Orthognathic Surgery

What is Orthognathic Surgery?

The above procedures have a name: it’s called Orthognathic surgery. Essentially the surgical procedure allows the oral and maxillofacial surgeon to reposition one or both jaws. Moving the jaws also moves the teeth; therefore, this surgery is usually performed in conjunction with orthodontics so that the teeth are in the proper position after surgery. Orthognathic surgery is used to correct a wide range of minor and major facial and jaw irregularities and aids the patient in an improved ability to chew, speak, and breathe. In most cases an enhanced appearance can also result.

Who needs Orthognathic Surgery?

People who may benefit from Orthognathic surgery are those with improper bite and those with jaws that are incorrectly positioned. Orthognathic surgery can also be used to help your dentist restore missing teeth or help realign troublesome jaw joints or help persons with certain types of sleep apnea.

Jaw Reconstruction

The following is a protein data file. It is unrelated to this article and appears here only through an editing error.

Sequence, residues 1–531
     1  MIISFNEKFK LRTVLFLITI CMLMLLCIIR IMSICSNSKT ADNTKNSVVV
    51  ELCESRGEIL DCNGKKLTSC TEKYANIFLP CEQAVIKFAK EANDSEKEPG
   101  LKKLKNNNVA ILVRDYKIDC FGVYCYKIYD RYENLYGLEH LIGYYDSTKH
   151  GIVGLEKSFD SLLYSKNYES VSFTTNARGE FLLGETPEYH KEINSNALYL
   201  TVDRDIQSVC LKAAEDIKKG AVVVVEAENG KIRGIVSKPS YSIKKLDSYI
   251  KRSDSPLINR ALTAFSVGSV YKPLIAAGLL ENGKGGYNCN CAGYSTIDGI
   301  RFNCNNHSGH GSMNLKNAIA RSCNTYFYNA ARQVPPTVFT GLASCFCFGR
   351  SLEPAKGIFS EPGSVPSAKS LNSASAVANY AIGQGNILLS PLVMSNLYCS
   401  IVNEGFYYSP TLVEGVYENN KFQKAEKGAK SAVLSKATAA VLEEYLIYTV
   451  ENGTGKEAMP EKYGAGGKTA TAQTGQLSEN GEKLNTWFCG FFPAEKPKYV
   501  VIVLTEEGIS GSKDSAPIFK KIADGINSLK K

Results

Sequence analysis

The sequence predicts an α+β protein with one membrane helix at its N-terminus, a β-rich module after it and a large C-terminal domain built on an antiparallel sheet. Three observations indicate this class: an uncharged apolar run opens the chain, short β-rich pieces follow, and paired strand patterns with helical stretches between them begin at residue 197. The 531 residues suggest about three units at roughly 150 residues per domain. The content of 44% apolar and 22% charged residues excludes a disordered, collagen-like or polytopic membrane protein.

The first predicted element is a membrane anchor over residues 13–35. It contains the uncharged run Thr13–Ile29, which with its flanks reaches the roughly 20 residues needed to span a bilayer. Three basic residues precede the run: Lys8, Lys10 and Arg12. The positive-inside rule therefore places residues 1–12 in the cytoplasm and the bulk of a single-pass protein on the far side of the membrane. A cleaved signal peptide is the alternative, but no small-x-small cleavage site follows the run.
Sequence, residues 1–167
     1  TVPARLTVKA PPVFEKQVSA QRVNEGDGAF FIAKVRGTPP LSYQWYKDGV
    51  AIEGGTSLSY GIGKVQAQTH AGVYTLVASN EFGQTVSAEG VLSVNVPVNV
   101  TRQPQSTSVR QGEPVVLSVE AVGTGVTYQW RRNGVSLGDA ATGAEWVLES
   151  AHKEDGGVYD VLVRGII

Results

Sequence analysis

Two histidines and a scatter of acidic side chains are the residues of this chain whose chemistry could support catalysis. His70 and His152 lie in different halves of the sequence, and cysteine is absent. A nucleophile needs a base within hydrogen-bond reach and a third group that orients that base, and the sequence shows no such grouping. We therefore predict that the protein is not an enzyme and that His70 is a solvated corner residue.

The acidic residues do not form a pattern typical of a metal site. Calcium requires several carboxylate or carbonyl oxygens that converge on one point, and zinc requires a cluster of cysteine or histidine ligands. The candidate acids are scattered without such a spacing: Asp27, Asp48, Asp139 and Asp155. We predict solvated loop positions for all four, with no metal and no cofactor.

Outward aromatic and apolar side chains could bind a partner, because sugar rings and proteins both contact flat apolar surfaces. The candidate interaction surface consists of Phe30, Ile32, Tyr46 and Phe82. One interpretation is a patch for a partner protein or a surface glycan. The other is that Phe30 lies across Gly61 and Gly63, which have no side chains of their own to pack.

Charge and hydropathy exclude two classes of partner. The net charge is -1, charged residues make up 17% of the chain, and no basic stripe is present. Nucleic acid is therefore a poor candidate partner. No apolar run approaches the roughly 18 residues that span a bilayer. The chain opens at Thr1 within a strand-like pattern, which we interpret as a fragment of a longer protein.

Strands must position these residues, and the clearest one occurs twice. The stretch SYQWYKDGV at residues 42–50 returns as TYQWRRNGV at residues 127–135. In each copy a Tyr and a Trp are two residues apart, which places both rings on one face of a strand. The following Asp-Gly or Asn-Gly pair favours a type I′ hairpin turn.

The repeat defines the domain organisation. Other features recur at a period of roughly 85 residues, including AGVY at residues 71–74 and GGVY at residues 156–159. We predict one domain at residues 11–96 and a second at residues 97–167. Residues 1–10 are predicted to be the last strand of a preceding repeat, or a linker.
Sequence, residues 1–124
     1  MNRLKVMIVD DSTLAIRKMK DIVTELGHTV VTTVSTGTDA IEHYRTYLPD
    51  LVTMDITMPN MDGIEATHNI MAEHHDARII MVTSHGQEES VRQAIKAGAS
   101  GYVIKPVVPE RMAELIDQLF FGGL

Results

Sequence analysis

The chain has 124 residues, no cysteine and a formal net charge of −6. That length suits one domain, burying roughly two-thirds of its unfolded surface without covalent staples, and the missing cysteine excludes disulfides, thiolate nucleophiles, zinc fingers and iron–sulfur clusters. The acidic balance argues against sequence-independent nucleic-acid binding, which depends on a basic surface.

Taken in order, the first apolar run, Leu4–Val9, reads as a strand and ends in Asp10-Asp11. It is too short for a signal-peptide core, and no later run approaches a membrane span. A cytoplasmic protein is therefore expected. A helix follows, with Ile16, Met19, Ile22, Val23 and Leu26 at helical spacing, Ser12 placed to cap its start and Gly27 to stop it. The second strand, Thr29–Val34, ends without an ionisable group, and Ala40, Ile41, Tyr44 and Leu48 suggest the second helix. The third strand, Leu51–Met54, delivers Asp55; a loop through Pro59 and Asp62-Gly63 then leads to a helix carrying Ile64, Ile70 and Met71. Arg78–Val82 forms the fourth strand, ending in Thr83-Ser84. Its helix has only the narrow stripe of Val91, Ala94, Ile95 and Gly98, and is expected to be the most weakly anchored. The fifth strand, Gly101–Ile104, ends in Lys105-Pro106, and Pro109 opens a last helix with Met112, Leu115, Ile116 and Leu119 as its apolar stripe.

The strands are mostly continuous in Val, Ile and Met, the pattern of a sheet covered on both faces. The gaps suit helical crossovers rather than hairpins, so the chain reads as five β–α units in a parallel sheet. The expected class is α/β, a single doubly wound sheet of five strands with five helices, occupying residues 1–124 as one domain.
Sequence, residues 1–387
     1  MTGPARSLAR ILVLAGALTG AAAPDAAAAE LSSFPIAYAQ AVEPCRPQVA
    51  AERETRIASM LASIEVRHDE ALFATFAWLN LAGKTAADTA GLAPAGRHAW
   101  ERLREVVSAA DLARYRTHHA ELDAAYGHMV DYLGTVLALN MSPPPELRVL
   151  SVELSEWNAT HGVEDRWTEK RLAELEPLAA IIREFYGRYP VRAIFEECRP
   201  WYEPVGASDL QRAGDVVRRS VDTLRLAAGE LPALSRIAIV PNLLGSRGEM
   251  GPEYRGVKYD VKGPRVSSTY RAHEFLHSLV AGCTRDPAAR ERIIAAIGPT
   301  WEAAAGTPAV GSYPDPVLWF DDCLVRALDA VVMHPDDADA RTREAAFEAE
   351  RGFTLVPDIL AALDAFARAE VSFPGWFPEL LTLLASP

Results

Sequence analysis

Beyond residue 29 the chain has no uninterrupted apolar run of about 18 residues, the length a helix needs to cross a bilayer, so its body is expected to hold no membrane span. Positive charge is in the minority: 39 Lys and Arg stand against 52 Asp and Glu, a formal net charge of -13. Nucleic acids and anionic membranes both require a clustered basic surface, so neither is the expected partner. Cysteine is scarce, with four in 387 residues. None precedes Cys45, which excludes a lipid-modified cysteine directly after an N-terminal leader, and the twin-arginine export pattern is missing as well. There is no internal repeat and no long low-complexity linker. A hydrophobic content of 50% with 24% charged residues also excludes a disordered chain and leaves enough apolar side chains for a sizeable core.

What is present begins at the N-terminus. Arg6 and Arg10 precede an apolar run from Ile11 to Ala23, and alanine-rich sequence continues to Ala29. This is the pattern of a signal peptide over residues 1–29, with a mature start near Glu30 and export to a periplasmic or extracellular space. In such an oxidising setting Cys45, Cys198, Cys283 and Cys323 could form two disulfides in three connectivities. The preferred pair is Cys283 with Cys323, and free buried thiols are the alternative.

Jaw growth is a slow and gradual process. Sometimes during the growth process, the upper and lower jaws grow at different rates. A jaw discrepancy then exists.

Unequal jaw growth can cause trouble

One or both jaws may grow too much or too little. The resulting abnormality can interfere with the proper teeth alignment, speaking, and chewing. The tongue and lips may be forced to move awkwardly during speech and swallowing in an attempt to compensate for the jaw misalignment. There could be a speech defect, mouth breathing, snoring or other symptoms.

An improper bite can develop from jaw misalignment and threaten the long-term health of the gums and teeth. The jaw joint (TMJ) can also be adversely affected by a jaw misalignment. Jaws of different sizes that do not match can affect appearance also.


When unequal jaw growth is the source of the problem, corrective jaw surgery may be necessary. Orthodontics (braces) may also be needed to allow the teeth to mesh together properly. Corrective jaw surgery involves moving all or part of the upper and/or lower jaw into a more normal position. For example, the entire jaw can be moved backward if it is too large, forward if too small, or a combination of both in involved cases. The ultimate goal of treatment is to attain normalcy and to improve function and facial balance.

In addition, some people have facial abnormalities involving the upper face, cheekbones, and nose. These can be corrected as well. The bones are repositioned so the facial features are more complementary and enhance normal breathing, speaking, and eating patterns. After the jaws are moved into the desired position, the bones are fixed with wires. Braces and rubber bands may be used to immobilize your teeth for a short period of time.